In other fields there are fairly fixed dates that constitute the "season." In theater, for example, the "season" is supposed to run from June 1 to May 31, thus coinciding, more or less, with the Tony Awards presented in early June. Publishing seems to work with calendar seasons; one speaks of the "Spring List" or "Fall List" but the dates tend to blur together and I rather like looking back over a longer expanse of time, to see what a whole year has amounted to.
Here is something very unusual. I recently reviewed a new translation of Swiss novelist Robert Walser's (1878-1956) novel The Tanners. It has now been joined by a new book entitled Microscripts (New Directions, 24.95). The title refers to the minuscule script in which Walser wrote for the last 30 or 40 years of his life, which was long thought to be undecipherable but which scholars have finally unraveled and published (the German edition apparently extends to 6 volumes). Not only was the writing unbelievably tiny, it was done on scraps of paper or receipts or calling cards or book covers.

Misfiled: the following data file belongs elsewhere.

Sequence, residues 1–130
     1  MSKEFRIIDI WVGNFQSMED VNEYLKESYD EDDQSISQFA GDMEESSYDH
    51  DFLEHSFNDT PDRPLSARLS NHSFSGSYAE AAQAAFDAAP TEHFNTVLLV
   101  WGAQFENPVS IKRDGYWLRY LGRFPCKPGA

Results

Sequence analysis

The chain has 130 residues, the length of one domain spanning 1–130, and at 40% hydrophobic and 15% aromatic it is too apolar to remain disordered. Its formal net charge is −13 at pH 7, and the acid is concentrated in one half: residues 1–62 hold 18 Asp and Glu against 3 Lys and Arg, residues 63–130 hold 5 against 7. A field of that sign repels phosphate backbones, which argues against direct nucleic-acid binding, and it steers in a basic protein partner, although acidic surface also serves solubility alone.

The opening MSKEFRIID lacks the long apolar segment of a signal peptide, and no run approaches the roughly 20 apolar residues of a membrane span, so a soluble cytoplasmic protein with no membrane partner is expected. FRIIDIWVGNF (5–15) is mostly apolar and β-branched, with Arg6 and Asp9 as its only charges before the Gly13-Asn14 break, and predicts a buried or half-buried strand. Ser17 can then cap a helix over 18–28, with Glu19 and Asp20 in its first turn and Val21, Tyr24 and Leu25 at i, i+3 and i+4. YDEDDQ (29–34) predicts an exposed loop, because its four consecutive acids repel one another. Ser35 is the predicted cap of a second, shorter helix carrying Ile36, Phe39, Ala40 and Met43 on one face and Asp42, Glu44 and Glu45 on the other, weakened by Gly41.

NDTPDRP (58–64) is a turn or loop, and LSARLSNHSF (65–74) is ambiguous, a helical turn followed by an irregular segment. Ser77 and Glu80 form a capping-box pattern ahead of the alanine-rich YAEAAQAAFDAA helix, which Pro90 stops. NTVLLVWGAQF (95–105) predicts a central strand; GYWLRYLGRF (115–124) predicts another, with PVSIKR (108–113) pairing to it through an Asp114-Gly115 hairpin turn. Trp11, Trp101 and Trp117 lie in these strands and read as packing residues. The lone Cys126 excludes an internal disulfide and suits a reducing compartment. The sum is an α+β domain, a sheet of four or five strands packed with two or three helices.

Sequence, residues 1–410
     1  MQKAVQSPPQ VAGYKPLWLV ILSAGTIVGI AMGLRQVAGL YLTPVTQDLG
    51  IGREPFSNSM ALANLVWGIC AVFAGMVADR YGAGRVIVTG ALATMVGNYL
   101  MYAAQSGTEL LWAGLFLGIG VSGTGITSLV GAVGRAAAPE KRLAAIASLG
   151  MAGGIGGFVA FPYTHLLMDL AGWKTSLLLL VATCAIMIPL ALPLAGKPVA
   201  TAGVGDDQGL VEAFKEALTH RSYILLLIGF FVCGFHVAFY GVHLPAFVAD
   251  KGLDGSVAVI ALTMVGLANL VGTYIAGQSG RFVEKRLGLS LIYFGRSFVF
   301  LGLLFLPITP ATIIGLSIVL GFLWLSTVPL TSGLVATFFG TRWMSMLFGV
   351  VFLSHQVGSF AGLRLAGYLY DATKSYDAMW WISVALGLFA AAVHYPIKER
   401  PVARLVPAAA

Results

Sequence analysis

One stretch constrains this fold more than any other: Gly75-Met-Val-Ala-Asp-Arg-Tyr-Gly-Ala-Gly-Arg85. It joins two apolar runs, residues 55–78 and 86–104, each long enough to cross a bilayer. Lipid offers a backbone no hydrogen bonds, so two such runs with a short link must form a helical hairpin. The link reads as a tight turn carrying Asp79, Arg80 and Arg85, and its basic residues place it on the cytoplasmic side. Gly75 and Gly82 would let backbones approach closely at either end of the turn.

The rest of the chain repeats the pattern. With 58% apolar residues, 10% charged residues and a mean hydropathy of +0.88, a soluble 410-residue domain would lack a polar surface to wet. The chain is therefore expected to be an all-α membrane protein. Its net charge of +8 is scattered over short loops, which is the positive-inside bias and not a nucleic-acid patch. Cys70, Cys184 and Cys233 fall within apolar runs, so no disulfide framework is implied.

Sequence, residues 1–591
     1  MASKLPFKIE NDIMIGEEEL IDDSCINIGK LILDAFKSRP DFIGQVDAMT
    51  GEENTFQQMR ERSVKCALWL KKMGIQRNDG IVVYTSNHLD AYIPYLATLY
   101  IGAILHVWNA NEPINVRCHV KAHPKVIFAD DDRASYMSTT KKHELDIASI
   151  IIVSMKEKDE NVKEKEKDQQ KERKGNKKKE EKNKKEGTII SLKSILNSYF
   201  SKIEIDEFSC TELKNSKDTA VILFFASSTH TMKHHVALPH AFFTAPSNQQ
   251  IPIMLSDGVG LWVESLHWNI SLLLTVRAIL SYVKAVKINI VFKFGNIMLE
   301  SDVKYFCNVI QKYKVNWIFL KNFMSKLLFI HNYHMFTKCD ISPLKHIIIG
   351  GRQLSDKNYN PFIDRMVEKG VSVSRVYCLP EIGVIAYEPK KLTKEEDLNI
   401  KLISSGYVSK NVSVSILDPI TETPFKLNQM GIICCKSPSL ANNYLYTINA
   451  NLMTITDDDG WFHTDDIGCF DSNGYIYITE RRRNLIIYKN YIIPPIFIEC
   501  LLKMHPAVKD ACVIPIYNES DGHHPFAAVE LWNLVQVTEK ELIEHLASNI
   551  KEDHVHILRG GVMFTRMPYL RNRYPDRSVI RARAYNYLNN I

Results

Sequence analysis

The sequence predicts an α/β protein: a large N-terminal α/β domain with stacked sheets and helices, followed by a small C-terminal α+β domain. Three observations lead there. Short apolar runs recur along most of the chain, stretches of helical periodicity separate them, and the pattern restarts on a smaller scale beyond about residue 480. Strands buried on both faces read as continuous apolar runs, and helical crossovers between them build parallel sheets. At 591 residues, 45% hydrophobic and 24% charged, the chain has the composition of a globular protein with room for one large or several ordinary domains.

I’m glad the Mayhem weekend went so well! It was a great panel, and I hope everyone had as much fun as I did. The attendees were really into it and we'd still be there if Jeremy hadn't wrapped it up. Also, the weather gods were smiling on the weekend. Indeed, the indies are special and in my thirty years of book tours - sixteen books - I'd always look forward to being in the independent bookstores, many of which, unfortunately, are gone. But you guys are in a good place with a good clientele, and I'm happy to see you're doing so well.
The Lion will be out June 8, and I hope you sell a ton of books.